Posted at: 03/30/2010 2:51 PM
Updated at: 03/04/2014 7:43 AM
My grandma woke up this morning and my gramps was gone. The front door was wide open. It was the freezing cold air in the house that woke her up. She called my dad, who called the rest of the family, and luckily we all live about 5 minutes from each other. It was horrible. We couldn’t find him. We were so afraid we would find him dead or in a coma from the cold. I can’t explain the terrible feeling we all had. We were all panicking but trying to find him. My grandma was wailing. My family started going from house to house in the neighborhood, waking people up because it was 6:30 Sunday morning.
It turned out Gramps walked out of the house in his pajamas, bathrobe and slippers, made it to the next street over, and went inside a house through the garage. It was a house just like ours. He went to the bedroom, crawled in bed and went to sleep. There was a lady in that bed who didn’t even wake up until my father was ringing the doorbell. The poor lady was a wreck. Gramps was a wreck too, because he thought she was in his bed. We all laughed because we were so relieved he was all right, and the lady wasn’t pressing any charges. But we are so scared now. Grandma won’t consider having him live anywhere else. Right now my family is taking turns spending the night on the couch by the door. We aren’t sleeping very well and we can’t do this for much longer. What else can we do? My Grams doesn’t want aides in the house while she is sleeping. What can we do?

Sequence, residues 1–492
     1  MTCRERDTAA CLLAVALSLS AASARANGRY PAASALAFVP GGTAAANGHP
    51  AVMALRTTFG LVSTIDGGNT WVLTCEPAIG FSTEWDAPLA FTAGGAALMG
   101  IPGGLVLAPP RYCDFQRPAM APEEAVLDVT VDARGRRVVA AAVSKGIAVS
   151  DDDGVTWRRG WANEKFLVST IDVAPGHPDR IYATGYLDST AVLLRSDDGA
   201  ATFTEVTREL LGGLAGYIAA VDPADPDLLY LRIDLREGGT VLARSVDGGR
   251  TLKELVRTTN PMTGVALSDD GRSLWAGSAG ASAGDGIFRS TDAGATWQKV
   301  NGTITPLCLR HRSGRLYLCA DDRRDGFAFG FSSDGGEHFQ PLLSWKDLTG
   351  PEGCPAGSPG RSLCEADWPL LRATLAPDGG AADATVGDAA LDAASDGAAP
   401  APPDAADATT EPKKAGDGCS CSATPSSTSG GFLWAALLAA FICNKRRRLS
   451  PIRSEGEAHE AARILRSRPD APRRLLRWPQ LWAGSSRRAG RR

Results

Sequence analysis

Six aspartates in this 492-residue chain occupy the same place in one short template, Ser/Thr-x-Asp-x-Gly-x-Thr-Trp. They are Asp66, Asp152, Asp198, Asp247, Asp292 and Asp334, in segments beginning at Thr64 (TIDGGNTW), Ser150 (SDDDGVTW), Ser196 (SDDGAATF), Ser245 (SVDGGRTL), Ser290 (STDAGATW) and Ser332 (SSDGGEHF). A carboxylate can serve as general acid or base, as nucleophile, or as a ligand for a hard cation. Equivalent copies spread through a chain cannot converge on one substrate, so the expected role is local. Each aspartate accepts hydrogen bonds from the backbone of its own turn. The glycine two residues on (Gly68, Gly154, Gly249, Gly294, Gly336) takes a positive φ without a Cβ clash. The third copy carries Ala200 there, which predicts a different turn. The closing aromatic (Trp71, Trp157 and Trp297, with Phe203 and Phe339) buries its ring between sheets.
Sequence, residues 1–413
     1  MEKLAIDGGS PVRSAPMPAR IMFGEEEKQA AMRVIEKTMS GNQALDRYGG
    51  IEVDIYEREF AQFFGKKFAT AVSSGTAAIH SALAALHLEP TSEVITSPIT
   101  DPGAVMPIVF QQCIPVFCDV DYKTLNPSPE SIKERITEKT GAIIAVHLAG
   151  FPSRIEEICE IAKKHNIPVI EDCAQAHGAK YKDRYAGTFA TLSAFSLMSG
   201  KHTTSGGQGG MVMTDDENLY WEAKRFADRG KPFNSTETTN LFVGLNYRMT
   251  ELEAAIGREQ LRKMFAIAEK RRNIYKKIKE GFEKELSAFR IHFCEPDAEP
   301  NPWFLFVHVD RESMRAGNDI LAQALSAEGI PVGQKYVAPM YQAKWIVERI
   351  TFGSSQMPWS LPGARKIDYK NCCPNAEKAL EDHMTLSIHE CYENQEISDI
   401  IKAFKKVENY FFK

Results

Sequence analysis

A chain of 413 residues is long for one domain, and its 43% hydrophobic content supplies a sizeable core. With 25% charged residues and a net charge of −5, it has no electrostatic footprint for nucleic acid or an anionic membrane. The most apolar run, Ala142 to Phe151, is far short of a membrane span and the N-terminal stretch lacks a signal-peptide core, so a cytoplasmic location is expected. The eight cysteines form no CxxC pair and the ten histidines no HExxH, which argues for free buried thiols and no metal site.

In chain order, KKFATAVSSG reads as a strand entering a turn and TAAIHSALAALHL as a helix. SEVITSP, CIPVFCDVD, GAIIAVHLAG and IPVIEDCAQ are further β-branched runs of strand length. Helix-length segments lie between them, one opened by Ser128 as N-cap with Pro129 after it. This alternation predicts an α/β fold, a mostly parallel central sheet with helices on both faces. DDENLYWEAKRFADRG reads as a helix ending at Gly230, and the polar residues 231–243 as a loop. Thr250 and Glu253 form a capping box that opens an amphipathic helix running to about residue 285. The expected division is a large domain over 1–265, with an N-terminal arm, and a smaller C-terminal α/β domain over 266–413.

Thank you for helping us,
What you do, in part, is dependent on what you can afford.
Here are your options:
1. Hire a home health agency. It will be private pay.
2. Or, to minimize the number of people coming and going, hire privately.
3. Gramps cannot be alone in the house for a minute. That’s all the time it takes for him to go back out the door.
4. Put an alarm system on the door.
5. Put a security camera and alarm system on the door. The security camera can be connected to someone’s phone giving them video coverage of where Gramps is headed.
6. You could put a GPS system on Gramps to track him if he gets out.
7. You could sign Gramps up for the Safe Return Program through the Alzheimer’s Association.
Quite frankly, if you are considering all these measures, your options should be one of the following:
1. Someone must be awake watching over Gramps 24 hours a day, no exceptions.
2. Or, Gramps moves where he can be supervised and safe 24 hours a day. The memory care units around town would work well. If Grandma doesn’t want to be alone, she could move into the same community and visit as often as she would like.
If you would like further recommendations, contact my office.